There are similarities between the Amayar and the Heaven’s Gate group: the disregard of the physical world, the belief in breaking free of the cycle of birth and rebirth and the peaceful organised suicide. The Amayar were more haphazard in their haste, due to their apocalyptic belief that Time was about to end.

The beliefs of the Peoples Temple Christian Church at Jonestown were a mix of Pentecostalism, the Christian Social Gospel, socialism, communism and utopianism. In November 1978, more than 900 people of this group (including children) died in the largest mass murder/suicide in American history. Most of the deaths occurred in a jungle encampment in Guyana, South America, where the group lived in a utopian community and agricultural project known as Jonestown. A female group member killed herself and her three children in Georgetown, capital of Guyana, after hearing of the Jonestown deaths. Most died after drinking a fruit punch poisoned with cyanide and tranquillisers.

The group’s mass suicide was triggered by desperation and fear of retribution after they attacked and killed members of an investigating delegation—including a Congressman. Both the Jonestown and the Amayar groups had apocalyptic feelings: the People’s Temple believed their community would be destroyed, and the Amayar believed that the world was about to end.

The Amayar and their real-life parallels show how an acceptance of the status quo and social and geographic isolation can lead to extreme and tragic violence. And they violated their previously non-violent philosophy with this very violent act.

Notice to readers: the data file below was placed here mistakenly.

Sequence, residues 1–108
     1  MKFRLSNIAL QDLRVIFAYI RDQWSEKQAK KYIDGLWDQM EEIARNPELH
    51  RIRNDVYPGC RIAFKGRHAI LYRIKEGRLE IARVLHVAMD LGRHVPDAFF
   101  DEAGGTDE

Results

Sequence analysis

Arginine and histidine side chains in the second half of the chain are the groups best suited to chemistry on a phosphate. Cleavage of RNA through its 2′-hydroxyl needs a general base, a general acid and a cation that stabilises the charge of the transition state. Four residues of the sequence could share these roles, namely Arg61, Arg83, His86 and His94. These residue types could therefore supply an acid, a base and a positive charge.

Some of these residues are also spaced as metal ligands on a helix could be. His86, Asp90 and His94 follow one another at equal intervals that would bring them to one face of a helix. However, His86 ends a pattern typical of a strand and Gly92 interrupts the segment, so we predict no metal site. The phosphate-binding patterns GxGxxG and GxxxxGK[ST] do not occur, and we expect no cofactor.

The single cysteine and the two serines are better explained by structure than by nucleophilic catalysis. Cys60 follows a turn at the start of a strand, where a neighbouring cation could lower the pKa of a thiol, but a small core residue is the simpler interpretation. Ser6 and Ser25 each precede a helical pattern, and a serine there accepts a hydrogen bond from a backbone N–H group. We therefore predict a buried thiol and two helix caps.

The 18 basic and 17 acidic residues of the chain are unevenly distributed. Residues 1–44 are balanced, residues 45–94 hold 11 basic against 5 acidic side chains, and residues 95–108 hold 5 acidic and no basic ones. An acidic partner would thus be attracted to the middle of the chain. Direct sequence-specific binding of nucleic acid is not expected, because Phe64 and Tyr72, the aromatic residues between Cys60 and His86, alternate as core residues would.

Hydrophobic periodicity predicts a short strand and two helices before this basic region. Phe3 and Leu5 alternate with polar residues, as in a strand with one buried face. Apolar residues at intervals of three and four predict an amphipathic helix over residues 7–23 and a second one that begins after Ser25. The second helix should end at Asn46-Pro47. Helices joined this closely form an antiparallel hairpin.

Written by Linda, February, 2005 and updated May 2019


Anonymous said...

Row, row, row your boat,
Gently down the stream,
Merrily, merrily, merrily, merrily,
Life is but a DREAM!

Anonymous said...

And thus: the Water Way!

Chris Cottingham said...

A truly horrible belief and truly horrible outcome. It's interesting, though, that Tel'Aran'Rhiod, the World of Dreams, is said to be the place where all the mirror worlds intersect. And our experience of portal stones and the like indicates that there are parallel worlds, less real than the 'main' one, but still possible worlds. I wonder if shreds of that knowledge from the Age of Legends (that parallel possible worlds exist, that this world might in a sense be just another reflection of possibilities, that the world where everything meets is the World of Dreams) might have twisted into this notion that reality is a dream/illusion.

And given Rand's new post-AMoL ability to alter reality with his thoughts - an ability which Nakomi seemed to share, and which reminds me inescapably of dreamwalkers in T'A'R - there may be something to that.

None of which makes the Amayar's beliefs and their actions less horrible.

Linda said...

The Amayar are millenarian extremists, as are Masema's Dragonsworn and the Darkfriends. Their beliefs are all different, but all lead to unethical behaviour. I think these beliefs are the responsibility of the relevant groups. (I acknowledge that Masema was manipulated by Lanfear, which is a mitigating circumstance.)